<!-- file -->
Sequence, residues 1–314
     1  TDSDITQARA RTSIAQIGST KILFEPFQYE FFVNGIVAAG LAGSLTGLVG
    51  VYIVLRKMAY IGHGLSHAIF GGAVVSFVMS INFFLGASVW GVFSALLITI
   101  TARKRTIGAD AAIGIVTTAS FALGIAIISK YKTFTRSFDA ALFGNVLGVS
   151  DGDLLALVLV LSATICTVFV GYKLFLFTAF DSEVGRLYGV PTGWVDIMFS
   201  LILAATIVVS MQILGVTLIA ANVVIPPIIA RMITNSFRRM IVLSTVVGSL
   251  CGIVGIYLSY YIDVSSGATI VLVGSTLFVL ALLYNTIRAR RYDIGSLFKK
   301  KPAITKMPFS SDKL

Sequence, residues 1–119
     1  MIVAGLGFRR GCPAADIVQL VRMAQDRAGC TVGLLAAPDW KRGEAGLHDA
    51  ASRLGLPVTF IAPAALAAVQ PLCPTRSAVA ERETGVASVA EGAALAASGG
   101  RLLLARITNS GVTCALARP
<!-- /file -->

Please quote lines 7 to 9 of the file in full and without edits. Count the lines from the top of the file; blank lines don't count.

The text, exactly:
   251  CGIVGIYLSY YIDVSSGATI VLVGSTLFVL ALLYNTIRAR RYDIGSLFKK
   301  KPAITKMPFS SDKL

Sequence, residues 1–119